First-line therapy with a combination of Tecentriq (atezolizumab) and Avastin (bevacizumab) significantly prolongs the survival of people with inoperable hepatocellular carcinoma (HCC) — the most common form of liver cancer — according to updated data from an ongoing Phase 3 trial.
The latest findings from the study, called IMbrave150 (NCT03434379), showed that the combination therapy lowered the risk of death by 34% compared with Nexavar (sorafenib), a current standard of care.
“These results show that Tecentriq in combination with Avastin provides the longest survival that we’ve ever seen in a front-line Phase III study in unresectable [inoperable] HCC,” Levi Garraway, MD, PhD, chief medical officer and head of global product development at Roche, said in a press release.
Roche’s subsidiary (Genentech) developed and currently markets both Tecentriq and Avastin.
The Tecentriq-Avastin combo also was better than Nexavar at delaying disease worsening and increasing the percentage of patients responding to treatment.
Altogether, Garraway said, the combination therapy “represents a significant treatment advancement for patients with this challenging malignancy.”
These updated findings from IMbrave150 were presented by Roche at the 2021 Gastrointestinal Cancers Symposium, a scientific meeting organized by the American Society of Clinical Oncology (ASCO). That meeting was held virtually Jan. 15–17.
Tecentriq and Avastin are two anti-cancer therapies that use different mechanisms to destroy cancer cells. While Tecentriq prevents cancer cells from exploiting a signaling pathway that helps them avoid being destroyed by the body’s immune cells, Avastin restricts tumors’ blood supply in order to reduce their growth.
It also was approved by all members of the European Union.
All approvals were based on data from IMbrave150, a Phase 3 trial that assessed whether first-line treatment with the Tecentriq-Avastin combination is superior to Nexavar. The trial evaluated whether the combo therapy could prolong survival and delay disease progression in 501 patients with inoperable, locally advanced, or metastatic HCC.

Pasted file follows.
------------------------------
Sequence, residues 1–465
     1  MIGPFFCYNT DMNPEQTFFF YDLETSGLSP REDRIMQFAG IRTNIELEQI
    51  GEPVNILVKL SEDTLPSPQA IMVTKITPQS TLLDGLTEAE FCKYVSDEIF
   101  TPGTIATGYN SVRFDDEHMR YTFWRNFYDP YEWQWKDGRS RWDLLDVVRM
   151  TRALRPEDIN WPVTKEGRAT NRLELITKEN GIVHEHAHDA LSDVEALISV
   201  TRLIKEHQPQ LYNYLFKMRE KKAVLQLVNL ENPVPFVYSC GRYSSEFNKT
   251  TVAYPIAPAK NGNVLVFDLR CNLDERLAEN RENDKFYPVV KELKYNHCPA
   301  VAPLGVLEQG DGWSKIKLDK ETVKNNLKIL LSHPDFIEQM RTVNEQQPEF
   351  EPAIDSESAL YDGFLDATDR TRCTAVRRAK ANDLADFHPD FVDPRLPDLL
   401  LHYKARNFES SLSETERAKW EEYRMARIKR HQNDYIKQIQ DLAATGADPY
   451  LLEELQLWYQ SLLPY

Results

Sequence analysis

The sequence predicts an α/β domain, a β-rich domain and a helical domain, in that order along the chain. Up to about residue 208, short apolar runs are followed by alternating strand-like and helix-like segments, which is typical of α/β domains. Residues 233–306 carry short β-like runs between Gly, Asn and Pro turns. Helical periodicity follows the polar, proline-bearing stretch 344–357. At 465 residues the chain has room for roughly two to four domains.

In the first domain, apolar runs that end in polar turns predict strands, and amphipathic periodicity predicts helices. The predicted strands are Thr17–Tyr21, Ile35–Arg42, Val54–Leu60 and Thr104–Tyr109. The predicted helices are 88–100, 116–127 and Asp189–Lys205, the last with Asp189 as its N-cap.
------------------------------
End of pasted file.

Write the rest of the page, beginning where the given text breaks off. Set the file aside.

Data from a primary analysis of the study showed that, after a median follow-up of 8.6 months, the Tecentriq-Avastin combo lowered the risk of death by 42%, and the risk of disease worsening or death by 41%, compared with Nexavar.
Moreover, the percentage of patients responding to treatment was higher among those given the combination therapy compared with those treated with Nexavar (27.3% vs. 11.9%).
Updated data from the trial, now announced by Roche, confirmed the survival benefits provided by the combination therapy.
After a median follow-up of 15.6 months, the Tecentriq-Avastin combo extended patients’ lives from a median of 13.4 to 19.2 months, reducing the risk of death by 34%, compared with Nexavar.
These survival benefits were even higher in a subpopulation of Chinese patients participating in the trial, in whom the combination therapy lowered the risk of death by 47%.
The combination therapy also prolonged the time patients lived without worsening from a median of 4.3 to 6.9 months, lowering the risk of disease progression or death by 35%.
In agreement with the study’s previous analysis, the percentage of patients responding to treatment was nearly three times higher in patients treated with the Tecentriq-Avastin combo, compared with those who received Nexavar (30% vs. 11%).
Likewise, the percentage of patients achieving complete (8% vs. less than 1%) or partial responses (22% vs. 11%), corresponding to complete or partial cancer elimination, was higher in those treated with the combination therapy.
Responses also lasted longer in those given the combo treatment (median of 18.1 vs. 14.9 months).
Safety analyses revealed the combination therapy had a safety profile that was consistent with that of Tecentriq and Avastin when administered separately. No new safety concerns were identified.
“After an additional year of follow-up, these data confirm the superiority of Tecentriq in combination with Avastin compared to sorafenib in patients with advanced HCC,” said Laura Kulik, MD, professor of medicine, interventional radiology and transplant at the Feinberg School of Medicine at Northwestern University, in Illinois.
“These results provide further confidence for physicians and patients in the use of this combination as first-line therapy,” added Kulik, who is also a member of the ASCO GI program committee.
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